Sketch comedy, as a medium, has seen some pretty widespread changes over the past decade or so. The year 2005 saw the birth of YouTube, arguably the most responsible party for the brand of professionally produced observational comedy videos that now dominate the Internet, and as a consequence, the current reigning set of comedians and companies producing original content is much different from that of ten years ago.
This is what makes Harvard Sailing Team, the sketch comedy team from New York City that performed Thursday night for students, so remarkable. The team, made up of five women and four men, began a little over 10 years ago. The group has weathered the changes in the comedy world and adapted with the media, doing live shows for six years straight before switching to online videos.
“[For class] we had to put on a show at the end of every semester,” Sara Taylor, a member of Harvard Sailing Team, said. “We just really liked it, and decided that this should be our way to make our own work after we graduated.”
While sketch comedy isn’t the members’ main source of income, they still manage to make videos and do other projects regularly.
“I’m actually the only one that is still here in New York, on the East Coast,” Taylor said. “Everybody else is in LA. We don’t do performances very often anymore, except at colleges, but we still do videos. We did a pilot back in the fall, so we still kind of get together to work on bigger projects, and that kind of stuff.”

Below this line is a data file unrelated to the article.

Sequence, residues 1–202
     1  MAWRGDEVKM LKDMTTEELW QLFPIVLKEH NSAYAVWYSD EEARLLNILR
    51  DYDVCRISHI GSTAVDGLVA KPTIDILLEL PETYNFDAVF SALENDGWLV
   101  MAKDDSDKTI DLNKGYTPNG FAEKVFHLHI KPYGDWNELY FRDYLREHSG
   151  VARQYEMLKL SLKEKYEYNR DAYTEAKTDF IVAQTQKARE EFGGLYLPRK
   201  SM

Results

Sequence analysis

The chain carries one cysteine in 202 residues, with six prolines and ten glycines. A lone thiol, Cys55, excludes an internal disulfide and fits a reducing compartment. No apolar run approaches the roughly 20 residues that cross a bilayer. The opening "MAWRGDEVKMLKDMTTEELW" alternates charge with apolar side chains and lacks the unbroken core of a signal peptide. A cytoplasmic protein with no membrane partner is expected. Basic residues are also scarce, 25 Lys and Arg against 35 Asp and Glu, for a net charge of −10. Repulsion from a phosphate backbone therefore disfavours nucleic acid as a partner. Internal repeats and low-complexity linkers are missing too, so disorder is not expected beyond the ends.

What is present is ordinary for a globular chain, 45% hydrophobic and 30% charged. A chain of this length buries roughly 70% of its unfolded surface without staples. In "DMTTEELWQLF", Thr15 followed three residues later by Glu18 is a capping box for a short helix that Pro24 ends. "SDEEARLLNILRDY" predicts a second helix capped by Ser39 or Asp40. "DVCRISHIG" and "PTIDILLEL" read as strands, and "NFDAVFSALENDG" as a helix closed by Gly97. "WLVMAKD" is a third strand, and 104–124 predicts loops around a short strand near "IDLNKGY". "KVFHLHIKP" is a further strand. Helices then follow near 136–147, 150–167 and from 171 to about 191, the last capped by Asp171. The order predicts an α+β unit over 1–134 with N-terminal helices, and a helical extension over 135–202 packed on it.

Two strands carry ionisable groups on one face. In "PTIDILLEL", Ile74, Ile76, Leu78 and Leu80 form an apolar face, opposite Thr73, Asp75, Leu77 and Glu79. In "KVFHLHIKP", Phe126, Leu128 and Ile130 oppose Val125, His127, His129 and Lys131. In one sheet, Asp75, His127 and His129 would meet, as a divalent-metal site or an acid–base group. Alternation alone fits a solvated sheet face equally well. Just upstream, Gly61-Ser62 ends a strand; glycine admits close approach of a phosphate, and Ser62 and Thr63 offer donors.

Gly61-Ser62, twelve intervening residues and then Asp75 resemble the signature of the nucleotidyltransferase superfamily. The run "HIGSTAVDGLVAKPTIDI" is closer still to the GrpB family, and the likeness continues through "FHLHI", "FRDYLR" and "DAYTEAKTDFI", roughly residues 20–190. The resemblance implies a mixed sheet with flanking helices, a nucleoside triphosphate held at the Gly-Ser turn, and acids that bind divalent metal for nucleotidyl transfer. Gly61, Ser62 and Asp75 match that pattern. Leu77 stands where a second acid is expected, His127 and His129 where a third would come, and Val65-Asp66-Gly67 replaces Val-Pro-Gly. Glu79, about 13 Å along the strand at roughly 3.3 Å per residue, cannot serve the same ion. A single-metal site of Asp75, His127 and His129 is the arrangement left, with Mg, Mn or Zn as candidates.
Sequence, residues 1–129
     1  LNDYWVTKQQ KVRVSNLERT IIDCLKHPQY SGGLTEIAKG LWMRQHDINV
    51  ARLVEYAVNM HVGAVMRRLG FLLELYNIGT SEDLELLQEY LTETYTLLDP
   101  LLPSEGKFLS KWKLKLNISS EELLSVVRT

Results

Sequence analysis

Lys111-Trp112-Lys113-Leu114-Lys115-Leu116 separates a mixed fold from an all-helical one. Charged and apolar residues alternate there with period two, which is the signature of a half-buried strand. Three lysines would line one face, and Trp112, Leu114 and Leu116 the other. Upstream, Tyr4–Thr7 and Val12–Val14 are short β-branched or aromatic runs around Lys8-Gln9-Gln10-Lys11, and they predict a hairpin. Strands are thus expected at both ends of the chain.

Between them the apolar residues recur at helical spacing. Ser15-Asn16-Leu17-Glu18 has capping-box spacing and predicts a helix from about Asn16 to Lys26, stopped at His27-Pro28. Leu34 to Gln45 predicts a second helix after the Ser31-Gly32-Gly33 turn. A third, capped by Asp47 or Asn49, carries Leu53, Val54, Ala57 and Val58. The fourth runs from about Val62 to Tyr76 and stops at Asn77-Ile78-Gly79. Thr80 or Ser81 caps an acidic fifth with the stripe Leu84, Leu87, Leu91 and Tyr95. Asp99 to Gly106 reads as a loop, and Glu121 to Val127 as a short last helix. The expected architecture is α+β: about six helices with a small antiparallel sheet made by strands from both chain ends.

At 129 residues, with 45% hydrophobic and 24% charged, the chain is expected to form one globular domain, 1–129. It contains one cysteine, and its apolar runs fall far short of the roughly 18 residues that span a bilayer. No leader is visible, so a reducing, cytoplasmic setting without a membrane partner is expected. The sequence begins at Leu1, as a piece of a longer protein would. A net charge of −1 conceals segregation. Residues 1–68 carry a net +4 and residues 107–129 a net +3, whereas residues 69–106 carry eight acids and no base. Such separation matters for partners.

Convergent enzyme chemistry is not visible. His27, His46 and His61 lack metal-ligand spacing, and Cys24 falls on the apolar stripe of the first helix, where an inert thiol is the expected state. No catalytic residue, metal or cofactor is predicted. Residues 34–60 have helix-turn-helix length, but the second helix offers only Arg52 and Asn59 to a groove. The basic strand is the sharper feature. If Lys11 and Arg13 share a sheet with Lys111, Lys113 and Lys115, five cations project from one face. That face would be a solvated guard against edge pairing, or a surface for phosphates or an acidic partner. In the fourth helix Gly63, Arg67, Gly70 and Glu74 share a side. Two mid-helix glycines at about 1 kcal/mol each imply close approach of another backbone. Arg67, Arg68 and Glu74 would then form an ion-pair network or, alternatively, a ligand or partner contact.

In addition to the challenge of doing comedy long-distance, the nature of Harvard Sailing Team has several other built-in constraints. For starters, a group of nine is a pretty large group for everyone to have a role and to cooperate regularly on projects. But the team sees the size as a creative challenge.
In addition, Harvard Sailing Team stays away from sex jokes, which is used as a humor safety net by other artists in the college comedy market.
“We used to say ‘family friendly,’” Taylor said, “but I feel like that just makes us sound boring, so we don’t really say that anymore. But yeah, it’s sort of just slice of life, pointing out the absurdities in everyday human interaction and just the way people are funny and awkward with each other.”